Oregon City Enterprise, June 21, 1907
UNION HIGH IS DEFEATED
The proposition for a Union high school was overwhelmingly defeated, four districts out of six recording a majority against. The vote in the several districts was as follows:
Oregon City: Yes 39; No 9
Canemah: Yes, 9; No 0
Parkplace: Yes 5; No 85
West Oregon City: Yes 10; No 12
Willamette: Yes 13; No 19
Mt. Pleasant: Yes 1; No 6
Total: Yes 77; No 131
The surprise of the day’s vote was Mt. Pleasant, one woman in that beautiful suburb having the courage to vote for the High School.
The Union high school is of course defeated but good will come out of it for Oregon City as it makes almost certain the adoption of Superintendent McKee’s plan for adding the eleventh grade to the Barclay course. The vote was very light in Oregon City district. George A. Harding was unanimously re-elected director.
ROSE AND CARNATION SOCIETY
A rose and carnation society was organized in a meeting held with Mrs. Rosina Fouts, Friday afternoon, at 3 o’clock. The charter list contains 25 or 30 names. The fee of admission into the society has been placed at 25 cents. The society will meet with Mrs. George A. Harding Saturday afternoon, June 22. An election of officers resulted as follows: President, Mrs. George A. Harding; vice-president, Mrs. J. W. Norris; secretary, Mrs. Rosina Fouts; treasurer, Mrs. F. T. Barlow.
In a well played game of baseball at Willamette Falls the Oregon City Grays added another to their long list of victories by defeating the strong team of the 28th Battery, stationed at Vancouver, by the score of 4 to 3. The visitors are recognized as one of the hardest aggregations an amateur team can rub up against, and their style of playing yesterday plainly shows that they are well versed in all the little eccentricities of the national game. The result of the game came as a surprise to many people in this good old town, who while they were anxious to see the Grays come out on top after every contest, were afraid that Uncle Sam’s men were too much for them.
Oregon City Enterprise, June 22, 1917
Lloyd O. Harding, who left this city for the Presidio, San Francisco, where he enlisted in the officers’ reserve corps,has been given the commission of second Lieutenant in Company Eight, Officers’ Reserve Corps. Mr. Harding resigned is position as instructor in the Oregon City high school to enlist. He is the youngest son of Mr. and Mrs. George A. Harding of this city.
Elbert Charman, who has enlisted as stenographer in the engineering corps, and Earl Hutchinson, also in the engineering corps, will leave today to take up their duties at American Lake, Wash. Harold Swafford, who also enlisted, and who has gone to American Lake is supply sergeant of Company E.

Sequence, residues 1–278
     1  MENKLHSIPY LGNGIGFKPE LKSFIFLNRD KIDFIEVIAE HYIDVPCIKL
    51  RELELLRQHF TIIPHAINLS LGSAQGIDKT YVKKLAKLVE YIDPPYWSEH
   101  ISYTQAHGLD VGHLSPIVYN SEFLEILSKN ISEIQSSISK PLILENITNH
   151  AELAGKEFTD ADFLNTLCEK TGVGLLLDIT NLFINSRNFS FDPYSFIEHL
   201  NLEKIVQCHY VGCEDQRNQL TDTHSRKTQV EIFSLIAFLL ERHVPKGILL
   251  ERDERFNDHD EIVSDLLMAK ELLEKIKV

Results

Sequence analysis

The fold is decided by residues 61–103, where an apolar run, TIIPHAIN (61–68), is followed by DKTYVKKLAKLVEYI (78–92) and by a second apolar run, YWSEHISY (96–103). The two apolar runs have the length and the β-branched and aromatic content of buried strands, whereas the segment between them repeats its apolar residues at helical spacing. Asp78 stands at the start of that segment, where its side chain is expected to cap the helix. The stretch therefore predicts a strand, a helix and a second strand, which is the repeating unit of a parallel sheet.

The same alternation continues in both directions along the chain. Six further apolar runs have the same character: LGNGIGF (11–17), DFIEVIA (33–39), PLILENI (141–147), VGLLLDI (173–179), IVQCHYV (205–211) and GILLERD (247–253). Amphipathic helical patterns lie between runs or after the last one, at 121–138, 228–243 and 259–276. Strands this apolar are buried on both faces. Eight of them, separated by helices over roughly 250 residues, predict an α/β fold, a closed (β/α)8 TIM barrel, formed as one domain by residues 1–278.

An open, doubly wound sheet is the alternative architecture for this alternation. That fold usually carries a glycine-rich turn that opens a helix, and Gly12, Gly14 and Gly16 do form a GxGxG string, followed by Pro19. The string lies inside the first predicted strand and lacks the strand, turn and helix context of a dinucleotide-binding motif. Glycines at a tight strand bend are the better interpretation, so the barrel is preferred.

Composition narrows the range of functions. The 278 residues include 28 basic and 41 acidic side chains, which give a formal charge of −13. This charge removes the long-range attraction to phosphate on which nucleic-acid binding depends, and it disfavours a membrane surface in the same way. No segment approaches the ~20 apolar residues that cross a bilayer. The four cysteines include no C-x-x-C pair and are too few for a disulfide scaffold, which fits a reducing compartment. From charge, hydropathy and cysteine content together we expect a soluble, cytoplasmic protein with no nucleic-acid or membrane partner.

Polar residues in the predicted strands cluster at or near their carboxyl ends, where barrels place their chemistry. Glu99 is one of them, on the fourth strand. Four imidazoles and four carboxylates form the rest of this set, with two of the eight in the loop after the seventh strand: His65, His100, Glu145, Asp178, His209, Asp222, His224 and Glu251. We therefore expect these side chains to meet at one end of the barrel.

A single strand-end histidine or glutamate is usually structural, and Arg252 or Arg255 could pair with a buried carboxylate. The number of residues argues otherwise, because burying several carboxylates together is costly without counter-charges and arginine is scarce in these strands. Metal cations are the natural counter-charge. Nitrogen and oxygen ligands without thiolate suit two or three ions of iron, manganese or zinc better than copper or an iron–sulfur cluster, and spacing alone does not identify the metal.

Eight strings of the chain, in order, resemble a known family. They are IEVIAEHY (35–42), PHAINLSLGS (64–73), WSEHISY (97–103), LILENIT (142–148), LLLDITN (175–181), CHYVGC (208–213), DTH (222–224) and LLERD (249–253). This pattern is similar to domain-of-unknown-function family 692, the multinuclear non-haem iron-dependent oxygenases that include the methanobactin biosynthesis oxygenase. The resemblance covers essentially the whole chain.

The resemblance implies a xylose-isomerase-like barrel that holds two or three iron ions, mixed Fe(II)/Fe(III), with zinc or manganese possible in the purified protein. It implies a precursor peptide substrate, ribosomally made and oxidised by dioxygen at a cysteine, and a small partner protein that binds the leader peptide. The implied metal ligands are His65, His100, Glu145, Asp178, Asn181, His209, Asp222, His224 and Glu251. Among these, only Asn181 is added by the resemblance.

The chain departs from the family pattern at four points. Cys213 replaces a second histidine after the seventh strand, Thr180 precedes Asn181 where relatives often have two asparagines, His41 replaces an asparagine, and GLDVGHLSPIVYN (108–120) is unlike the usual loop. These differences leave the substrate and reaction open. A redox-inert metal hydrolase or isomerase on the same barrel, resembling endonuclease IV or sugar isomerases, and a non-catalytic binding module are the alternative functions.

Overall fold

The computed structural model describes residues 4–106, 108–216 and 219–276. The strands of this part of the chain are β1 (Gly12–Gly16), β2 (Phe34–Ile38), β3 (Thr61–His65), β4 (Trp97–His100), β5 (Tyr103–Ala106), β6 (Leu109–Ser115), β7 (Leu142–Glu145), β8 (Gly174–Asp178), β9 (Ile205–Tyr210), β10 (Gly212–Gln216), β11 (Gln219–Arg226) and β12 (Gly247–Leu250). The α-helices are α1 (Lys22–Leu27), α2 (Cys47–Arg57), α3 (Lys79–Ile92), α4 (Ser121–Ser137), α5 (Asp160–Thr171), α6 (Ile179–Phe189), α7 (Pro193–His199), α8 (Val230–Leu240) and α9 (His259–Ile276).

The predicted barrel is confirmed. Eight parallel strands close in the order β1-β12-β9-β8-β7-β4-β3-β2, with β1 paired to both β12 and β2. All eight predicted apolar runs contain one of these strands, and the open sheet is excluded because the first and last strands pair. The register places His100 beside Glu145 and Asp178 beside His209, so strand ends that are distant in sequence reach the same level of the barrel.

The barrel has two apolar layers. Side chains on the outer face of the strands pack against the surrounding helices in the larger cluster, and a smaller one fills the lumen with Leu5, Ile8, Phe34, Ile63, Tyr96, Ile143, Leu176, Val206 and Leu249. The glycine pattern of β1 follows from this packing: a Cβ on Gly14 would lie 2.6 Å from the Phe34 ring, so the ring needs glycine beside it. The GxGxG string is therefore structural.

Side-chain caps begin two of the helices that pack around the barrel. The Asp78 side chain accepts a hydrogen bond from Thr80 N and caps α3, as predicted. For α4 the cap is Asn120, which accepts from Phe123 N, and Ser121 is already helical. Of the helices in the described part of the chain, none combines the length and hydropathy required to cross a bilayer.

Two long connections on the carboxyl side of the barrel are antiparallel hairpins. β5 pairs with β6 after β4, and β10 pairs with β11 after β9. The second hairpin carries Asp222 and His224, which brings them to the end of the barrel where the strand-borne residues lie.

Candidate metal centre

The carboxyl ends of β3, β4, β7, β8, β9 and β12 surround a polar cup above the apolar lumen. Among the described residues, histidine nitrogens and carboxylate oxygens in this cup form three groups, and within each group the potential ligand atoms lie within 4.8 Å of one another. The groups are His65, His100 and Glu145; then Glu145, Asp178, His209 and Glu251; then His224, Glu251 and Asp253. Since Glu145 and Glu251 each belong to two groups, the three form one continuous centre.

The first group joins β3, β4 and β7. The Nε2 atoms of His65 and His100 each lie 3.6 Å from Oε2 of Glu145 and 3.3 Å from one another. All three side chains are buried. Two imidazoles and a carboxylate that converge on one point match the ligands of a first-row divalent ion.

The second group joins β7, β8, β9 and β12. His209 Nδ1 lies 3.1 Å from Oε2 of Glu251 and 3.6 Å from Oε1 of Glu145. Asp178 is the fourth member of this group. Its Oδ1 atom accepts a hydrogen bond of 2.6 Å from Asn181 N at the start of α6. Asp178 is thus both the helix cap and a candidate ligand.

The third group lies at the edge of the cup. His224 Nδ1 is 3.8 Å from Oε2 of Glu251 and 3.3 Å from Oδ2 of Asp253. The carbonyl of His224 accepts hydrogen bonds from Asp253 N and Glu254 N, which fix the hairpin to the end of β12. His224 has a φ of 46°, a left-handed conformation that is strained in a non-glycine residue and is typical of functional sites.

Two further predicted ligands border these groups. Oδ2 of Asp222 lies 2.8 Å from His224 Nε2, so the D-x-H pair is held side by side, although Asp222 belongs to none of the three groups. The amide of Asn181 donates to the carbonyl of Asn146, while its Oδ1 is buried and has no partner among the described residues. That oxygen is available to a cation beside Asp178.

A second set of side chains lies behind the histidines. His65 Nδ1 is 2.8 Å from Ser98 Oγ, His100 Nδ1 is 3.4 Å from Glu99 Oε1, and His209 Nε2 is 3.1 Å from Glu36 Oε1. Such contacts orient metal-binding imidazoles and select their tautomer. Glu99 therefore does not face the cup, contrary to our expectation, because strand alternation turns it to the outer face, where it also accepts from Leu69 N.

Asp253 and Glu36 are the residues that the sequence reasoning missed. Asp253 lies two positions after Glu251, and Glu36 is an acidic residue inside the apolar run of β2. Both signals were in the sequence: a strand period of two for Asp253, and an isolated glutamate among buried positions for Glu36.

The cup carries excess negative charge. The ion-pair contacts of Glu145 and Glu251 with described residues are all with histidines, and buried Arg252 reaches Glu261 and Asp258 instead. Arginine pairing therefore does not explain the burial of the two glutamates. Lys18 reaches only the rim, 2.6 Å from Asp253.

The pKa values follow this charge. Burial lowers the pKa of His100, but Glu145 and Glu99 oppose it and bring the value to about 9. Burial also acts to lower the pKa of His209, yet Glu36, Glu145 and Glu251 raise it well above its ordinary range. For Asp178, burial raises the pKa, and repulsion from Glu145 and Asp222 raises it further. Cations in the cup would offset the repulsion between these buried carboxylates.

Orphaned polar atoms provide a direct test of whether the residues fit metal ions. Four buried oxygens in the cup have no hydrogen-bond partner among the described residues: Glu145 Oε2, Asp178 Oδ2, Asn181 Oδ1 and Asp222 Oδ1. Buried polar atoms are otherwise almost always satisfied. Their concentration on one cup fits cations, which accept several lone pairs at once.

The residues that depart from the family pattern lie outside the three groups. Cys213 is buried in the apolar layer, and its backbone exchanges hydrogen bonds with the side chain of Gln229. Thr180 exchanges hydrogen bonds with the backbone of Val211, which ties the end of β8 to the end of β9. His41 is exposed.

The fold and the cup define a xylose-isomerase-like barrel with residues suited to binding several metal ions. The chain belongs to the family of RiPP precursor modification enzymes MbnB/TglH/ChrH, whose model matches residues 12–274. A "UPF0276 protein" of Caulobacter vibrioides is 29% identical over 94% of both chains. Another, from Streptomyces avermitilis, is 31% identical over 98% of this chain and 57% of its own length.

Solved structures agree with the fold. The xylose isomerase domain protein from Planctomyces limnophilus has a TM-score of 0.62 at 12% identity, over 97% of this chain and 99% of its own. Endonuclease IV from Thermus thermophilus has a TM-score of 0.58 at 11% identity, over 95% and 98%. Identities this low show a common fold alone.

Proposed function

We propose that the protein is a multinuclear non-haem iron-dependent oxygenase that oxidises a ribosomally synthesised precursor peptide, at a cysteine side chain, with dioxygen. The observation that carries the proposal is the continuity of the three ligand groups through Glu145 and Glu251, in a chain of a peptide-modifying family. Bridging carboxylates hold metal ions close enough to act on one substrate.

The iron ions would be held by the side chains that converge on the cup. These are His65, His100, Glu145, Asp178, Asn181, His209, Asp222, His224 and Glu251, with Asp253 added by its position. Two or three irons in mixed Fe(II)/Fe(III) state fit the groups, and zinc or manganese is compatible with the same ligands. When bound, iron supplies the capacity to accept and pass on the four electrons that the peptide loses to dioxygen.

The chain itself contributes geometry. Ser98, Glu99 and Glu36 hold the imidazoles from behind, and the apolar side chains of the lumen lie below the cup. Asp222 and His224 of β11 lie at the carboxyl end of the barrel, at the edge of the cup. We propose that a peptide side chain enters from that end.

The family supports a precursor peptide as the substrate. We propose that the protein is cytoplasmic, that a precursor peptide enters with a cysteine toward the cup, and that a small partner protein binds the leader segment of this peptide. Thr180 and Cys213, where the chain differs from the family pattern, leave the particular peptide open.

Otto Shindler, of this city, has been notified by the War Department to report at Vancouver barracks and will leave this morning for that place. Mr. Shindler will be a sergeant of the first class in the medical reserve enlisted reserve corps. Of the 60 or more men called at this time form the Pacific Northwest, Mr. Shindler is the only one from Oregon.
Kent Wilson, son of Mr. and Mrs. W. H. Wilson, of this city, who is sergeant in the hospital corps stationed at Vancouver Barracks, was in this city on Thursday, where he visited with his parents. Wilson went to Mosier a few days ago, bringing Milton N. Miller, an Oregon City young man, who was seriously injured a few days ago at Mosier, to the hospital at Vancouver Barracks, where he will receive medical attention.
MILTON M. MILLER IS IMPROVING AT ARMY BARRACKS HOSPITAL.
Milton M. Miller, of this city, a private in a company of the Oregon National Guard on duty at a tunnel near Mosier, who was seriously injured when struck by a train recently, is improving but is still in critical condition. Private Miller, who was a student at Oregon Agricultural College before he joined the colors, was injured when he was hit on the head by a rock loosened by the passage of a train, rendering him unconscious beside the track, where he was struck by a second train. Three ribs were broken, one piercing the right lung. His arm was broken just above the wrist. He sustained a large wound on the head where the rock is said to have struck him, as well as minor bruises and lacerations on the head and body. He was rushed to a hospital at The Dalles by a comrade, who found him unconscious and who flagged the next train. The captain of the company of which he is a member and a detail of the men recently visited him and presented a flag as a token of regard. Private Miller has a brother-in-law, Lieutenant Walter L. Spaulding, with the supply company of the Third Oregon at Clackamas. His mother, who resides at Oregon City, and a sister have been with him continuously since the accident.
Milton Marion Miller recovered from his injuries. He died on December 5, 1966 in Vancouver, WA.
Shindler & Wilson also both survived the war and have been profiled previously.
Two of the men mentioned in this week’s news were from prominent pioneer families of Oregon City.
Elbert Charman was born July 15, 1896 in the Charman House at 7th and Jefferson Streets, now barely visible as the center of the Holman- Hankins-Bowerman & Waud Funeral Home. He returned to Oregon City after serving with 18th Engineers and serving two years in France and working on the Stars & Stripes newspaper. He was a graduate of Reed College, worked for Price Brothers Dry Goods and as an accountant for Reddaway Truck Lines. He died on February 3, 1980 and is buried at Mountain View Cemetery.
Lloyd Ordway Harding was the youngest son of George A. Harding and Jennie Barlow Harding. After returning from his military service “Ben”, as he was known, returned to work at the drug store his father had founded in the early days of the city. He attended the University of Oregon, graduating in 1912. He served overseas during WWI in the motor transport corps. He was elected to the Oregon City Commission in 1929 and was serving his third term as the mayor of Oregon City when he died in the VA Hospital on October 20, 1930 following an operation.